The inherent contradictions in Turkey’s regional policy have been exposed by the recent crisis over Qatar. Mr. Erdogan has declared that he will act jointly with Iran to overcome the embargo imposed on the emirate by Saudi Arabia, Egypt and the other Gulf states. In addition, he has announced an enlargement of the Turkish military presence (including expansion of a small army base) in Qatar. Yet he has failed to explain the purpose of this risky escalation, which only deepens the divide with Saudi Arabia and other Sunni Arab states.
To overcome Turkey’s growing international isolation, Mr. Erdogan felt compelled to normalize relations with Russia. These had reached a low point following the downing of a Russian bomber over the Turkish-Syrian border in November 2015. Russian President Vladimir Putin bluntly let his Turkish counterpart feel who had the upper hand. Given the effectiveness of Russian sanctions, especially on Turkey’s tourist industry and agricultural exports, President Erdogan had to relent and apologize.
Even so, relations between Ankara and Moscow remain precarious and unstable. As to the future of the Syrian regime, Mr. Erdogan has reluctantly aligned himself with Russia. This breaks with previous policy, which since 2011 had insisted on the ouster of President Bashar al-Assad as a prerequisite for resolving the crisis. For now, Turkey is taking part in Russian-sponsored peace talks in Astana and Geneva, which would at least provide for the temporary survival of the Assad regime.
Tensions also exist over the Black Sea, where the two countries have waged a centuries-long struggle for supremacy. Free military passage through the Bosporus and Dardanelles straits remains a sore point for Russia, while Turkey sees itself as a protector of the Crimean Tatars and the Islamic peoples of the North Caucasus, whom it sees as suffering under Russian repression.
Two plausible scenarios are emerging for Turkey’s development.
The first assumes that President Erdogan remains firmly in the saddle. Exploiting the state of emergency, he will strengthen his position by further marginalizing or even eliminating the opposition. Any return to democratic and constitutional forms of government can be ruled out. One option to further cement his grip for another five years would be to hold early elections. This option also increases the risk of a violent conflict, since internal tensions could not be relieved through normal political channels.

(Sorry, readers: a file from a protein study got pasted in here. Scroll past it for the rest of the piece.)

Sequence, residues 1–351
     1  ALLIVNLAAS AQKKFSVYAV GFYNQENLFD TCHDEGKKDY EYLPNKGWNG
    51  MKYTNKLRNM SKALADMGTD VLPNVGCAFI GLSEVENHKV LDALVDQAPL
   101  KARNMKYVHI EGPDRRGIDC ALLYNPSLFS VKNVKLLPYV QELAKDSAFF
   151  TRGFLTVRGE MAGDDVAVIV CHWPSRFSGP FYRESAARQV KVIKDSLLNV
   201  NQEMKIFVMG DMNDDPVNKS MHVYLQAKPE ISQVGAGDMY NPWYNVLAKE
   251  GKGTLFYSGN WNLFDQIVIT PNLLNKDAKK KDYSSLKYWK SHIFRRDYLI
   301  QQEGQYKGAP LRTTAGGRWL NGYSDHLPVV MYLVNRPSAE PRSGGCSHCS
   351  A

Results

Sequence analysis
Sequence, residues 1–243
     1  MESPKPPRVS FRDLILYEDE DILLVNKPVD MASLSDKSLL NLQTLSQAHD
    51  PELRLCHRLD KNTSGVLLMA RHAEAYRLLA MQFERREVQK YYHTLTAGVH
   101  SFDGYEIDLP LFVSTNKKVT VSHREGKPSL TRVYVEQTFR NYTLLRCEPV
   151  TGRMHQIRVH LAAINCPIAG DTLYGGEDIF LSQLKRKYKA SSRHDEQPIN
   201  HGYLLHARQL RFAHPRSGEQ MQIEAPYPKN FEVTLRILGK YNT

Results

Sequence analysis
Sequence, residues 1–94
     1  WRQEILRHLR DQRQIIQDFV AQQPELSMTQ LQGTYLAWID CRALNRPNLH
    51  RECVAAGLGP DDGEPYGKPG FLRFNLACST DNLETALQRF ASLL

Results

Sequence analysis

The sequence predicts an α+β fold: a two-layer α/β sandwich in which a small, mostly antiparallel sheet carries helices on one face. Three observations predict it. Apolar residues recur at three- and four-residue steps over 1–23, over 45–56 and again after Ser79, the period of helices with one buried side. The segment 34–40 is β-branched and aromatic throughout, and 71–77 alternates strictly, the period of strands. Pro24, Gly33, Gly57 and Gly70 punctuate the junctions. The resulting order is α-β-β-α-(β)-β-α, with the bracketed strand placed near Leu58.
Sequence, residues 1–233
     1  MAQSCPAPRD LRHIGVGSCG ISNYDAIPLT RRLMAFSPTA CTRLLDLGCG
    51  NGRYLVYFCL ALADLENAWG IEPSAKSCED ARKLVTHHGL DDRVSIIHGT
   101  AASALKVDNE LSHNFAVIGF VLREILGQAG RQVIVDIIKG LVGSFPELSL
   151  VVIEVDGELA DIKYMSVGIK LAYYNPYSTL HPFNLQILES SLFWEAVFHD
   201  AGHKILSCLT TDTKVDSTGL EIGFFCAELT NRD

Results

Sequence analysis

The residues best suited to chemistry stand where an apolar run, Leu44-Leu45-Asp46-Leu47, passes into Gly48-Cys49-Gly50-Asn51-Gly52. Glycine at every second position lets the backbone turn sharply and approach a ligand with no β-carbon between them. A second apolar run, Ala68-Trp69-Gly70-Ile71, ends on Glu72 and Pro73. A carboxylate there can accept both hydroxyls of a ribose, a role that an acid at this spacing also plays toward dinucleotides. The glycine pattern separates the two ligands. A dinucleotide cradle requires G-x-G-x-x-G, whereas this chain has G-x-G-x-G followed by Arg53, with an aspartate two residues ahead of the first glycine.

Internationally, Turkey would remain isolated. The country would also become increasingly susceptible to the deepening regional crisis as the system of states established by the Sykes-Picot Agreement a century ago continues to collapse. If Ankara continues its diplomatic convergence with Moscow and the Shanghai Cooperation Organization, it could reach a point that is no longer compatible with Turkey’s continued membership in NATO.
Under a second scenario, the weakening of Turkey’s economy would begin to be felt by those segments of the population that have so far supported the Erdogan system. Cases of corruption in the president’s immediate entourage would begin to dim his charisma and undermine the legitimacy of his rule. As a result, Mr. Erdogan and the ruling AKP would fall short of absolute majorities in the next parliamentary and presidential elections, scheduled for 2019. This could lead to the eclipse of AKP and dissolve the domestic power constellation centered on President Erdogan.
It would take time for Turkey’s democratic system to renew itself, and the potential for domestic violence under this scenario would be huge. Beset by internal problems, the country would occupy a marginal position on the regional and international scene. Ankara would also have less influence over the EU’s refugee policy.
In a word, Turkey once again has become the “sick man of Europe.”